Posted on August 26th, 2019
HYT is well underway with our training project in the world’s second largest refugee settlement, Bidi Bidi. A total of 18 South Sudanese and 10 Ugandan youths are undergoing intensive training thanks to an ongoing partnership with Mercy Corps.
In Uganda’s extreme north an environmental crisis is following its ongoing humanitarian counterpart. Trees are becoming scarce, the lack of forest cover is increasing the area’s vulnerability to climate change; exposing it to desertification and soil degradation.
In February 2019, HYT arrived in Yumbe with a viable alternative to the environmentally devastating burnt brick. Interlocking Stabilised Soil Blocks (ISSB) require no firewood in their production, far less concrete during construction and no transportation costs. Our innovative construction practices were met with cautious curiosity.
The District Engineer, Settlement Commandant and UNHCR are responsible for construction, quality control and strategy within the settlement. They have the monster task of coordinating the effort to bring the refugee’s standard of living to an acceptable level.
Passing the First Test
28 days after the first block was pressed, a sample was taken to Teclab Kampala, an independent material testing lab. According to UNBS(2011) the Uganda standard (US849), states that blocks must achieve 2.5 Mega Pascals (MPa) for dry compressive strength to be used in construction. Our ISSB blocks averaged 5.1MPa, this is the equivalent force of 0.51kg pressing on every squared millimetre of the blocks surface!
Not only have our blocks far surpassed the required strength, they have saved 16.4 tons of firewood that would have been used in an equivalent structure made out of burnt brick!
This is a huge moment for HYT, in an epicentre of Uganda’s international aid and development activity we have irrefutably displayed the power of ISSB technology. International aid should not be spent on environmentally destructive practises when there is an affordable, safe and sustainable option available. HYT is gearing up to help NGO’s and government bodies make the switch to safeguard the environment for future generations.
Winners of the Ashden International Award for Sustainable Buildings 2017.
Watch our exciting video, or check out our work at hytuganda.com
Posted on May 21st, 2019
In 2018 HYT built 33 ISSB water tanks in schools across Uganda, with a total capacity of 650,000 litres. Access to stored rainwater increase the time students spend learning in the classroom, by removing the need to fetch water from boreholes – an endeavour involving heavy jerrycans and multiple kilometre journeys.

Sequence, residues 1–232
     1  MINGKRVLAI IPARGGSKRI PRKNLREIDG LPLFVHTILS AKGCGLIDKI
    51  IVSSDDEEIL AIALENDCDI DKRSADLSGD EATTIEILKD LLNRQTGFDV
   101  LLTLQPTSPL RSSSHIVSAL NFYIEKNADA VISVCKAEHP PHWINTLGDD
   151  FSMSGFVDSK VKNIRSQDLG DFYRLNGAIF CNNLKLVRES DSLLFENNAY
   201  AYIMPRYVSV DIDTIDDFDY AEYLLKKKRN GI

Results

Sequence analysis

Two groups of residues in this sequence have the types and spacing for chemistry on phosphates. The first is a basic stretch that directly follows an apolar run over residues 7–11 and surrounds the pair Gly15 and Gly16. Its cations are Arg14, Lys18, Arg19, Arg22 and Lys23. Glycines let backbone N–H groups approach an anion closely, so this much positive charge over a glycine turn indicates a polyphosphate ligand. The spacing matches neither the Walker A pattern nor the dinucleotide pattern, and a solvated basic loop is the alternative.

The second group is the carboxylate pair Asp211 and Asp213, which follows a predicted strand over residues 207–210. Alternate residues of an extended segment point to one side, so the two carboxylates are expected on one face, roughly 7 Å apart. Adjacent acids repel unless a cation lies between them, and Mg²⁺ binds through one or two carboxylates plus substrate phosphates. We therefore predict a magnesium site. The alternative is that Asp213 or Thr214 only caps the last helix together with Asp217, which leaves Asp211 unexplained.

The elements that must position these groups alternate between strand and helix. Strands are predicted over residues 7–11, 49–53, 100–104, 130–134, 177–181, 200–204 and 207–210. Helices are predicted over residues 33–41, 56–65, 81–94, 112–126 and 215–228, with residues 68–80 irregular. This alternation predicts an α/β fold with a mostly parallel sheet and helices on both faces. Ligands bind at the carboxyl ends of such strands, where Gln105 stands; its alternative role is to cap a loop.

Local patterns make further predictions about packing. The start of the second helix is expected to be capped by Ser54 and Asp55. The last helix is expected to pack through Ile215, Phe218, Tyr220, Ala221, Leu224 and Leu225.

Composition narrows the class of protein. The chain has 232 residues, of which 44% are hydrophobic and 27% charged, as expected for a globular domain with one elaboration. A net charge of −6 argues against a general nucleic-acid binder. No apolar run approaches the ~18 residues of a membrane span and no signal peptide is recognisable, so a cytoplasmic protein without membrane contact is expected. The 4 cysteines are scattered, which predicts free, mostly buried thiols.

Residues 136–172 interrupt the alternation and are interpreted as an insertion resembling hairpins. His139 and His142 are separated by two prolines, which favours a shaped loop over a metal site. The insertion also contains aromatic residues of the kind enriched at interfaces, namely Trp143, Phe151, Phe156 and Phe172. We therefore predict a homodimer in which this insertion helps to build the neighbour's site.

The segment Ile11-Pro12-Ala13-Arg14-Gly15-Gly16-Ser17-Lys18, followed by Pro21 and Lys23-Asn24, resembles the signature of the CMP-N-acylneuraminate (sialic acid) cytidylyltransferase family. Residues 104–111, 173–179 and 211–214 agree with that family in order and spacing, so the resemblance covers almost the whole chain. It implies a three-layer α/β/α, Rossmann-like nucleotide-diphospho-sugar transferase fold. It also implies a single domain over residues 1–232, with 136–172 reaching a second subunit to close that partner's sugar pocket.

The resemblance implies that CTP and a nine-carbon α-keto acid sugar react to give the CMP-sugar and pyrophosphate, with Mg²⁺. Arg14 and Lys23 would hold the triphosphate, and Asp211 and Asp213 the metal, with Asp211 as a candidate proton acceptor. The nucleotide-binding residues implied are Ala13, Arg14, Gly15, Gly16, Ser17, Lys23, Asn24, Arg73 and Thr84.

Plastic water tanks
Most water tanks in Uganda are made of plastic, and although they are easy to install, they do suffer from some key flaws. The main issue with plastic tanks is their longevity, damage is easily done to the main body and is difficult and expensive to repair. Unfortunately most of the damage is caused by people vandalising the tanks, often using knives or screwdrivers to pierce the tank.
Another disadvantage with using plastic water tanks is the transport costs and associated environmental impact. The vehicles used to transport a tank to its destination will produce pollution and increase the carbon footprint of the tank.
ISSB water tanks
HYT builds water tanks out of ISSBs, this produces strong and durable structures. As the tanks are made from compressed blocks that are very difficult to pierce or damage, and can easily be repaired with some mortar. Additionally, since the blocks are produced on site, the transport costs are minimised, further reducing the environmental impact of tank construction.
A team of HYT masons can build two water tanks a month, with each tank taking a total of two weeks to complete.
As the water tanks are cylindrical, HYT uses curved blocks created with a different press. Construction begins with the foundation of the tank, this consists of a shallow circular trench in which a four-block high ring is built. This ring is then filled with concrete to form a flat base for the tank. At this stage a hose pipe is put through the base, this is used to filter out sediment which drifts to the base of the tank, ensuring the water provided is clean.
Now the main body of the tank is built. The main cylinder consists of 16 slightly smaller rings of blocks. Unlike regular ISSB buildings, water tanks require mortar between each of the blocks to ensure the tank is watertight.
Once the main body of the tank is completed, wire mesh is attached to the outside and inside of the cylinder. The purpose of this mesh is twofold: it increases the durability and strength of the blocks in addition to providing a surface for the plaster to adhere to. Next the inside of the tank is plastered with a mix of mortar and a waterproofing agent. Then small rocks and mortar are used to make a bowl-like shape in the base of the tank. This is done to reduce the pressure around the rim of the base, as the weight of water in a full tank is 20,000 kilograms.
At this point the tank is almost complete, a hole is drilled in the front to fit the tap and a roof is added and connected to gutters on the building. Finally the tank is plastered and painted, and the HYT masons will move onto their next project.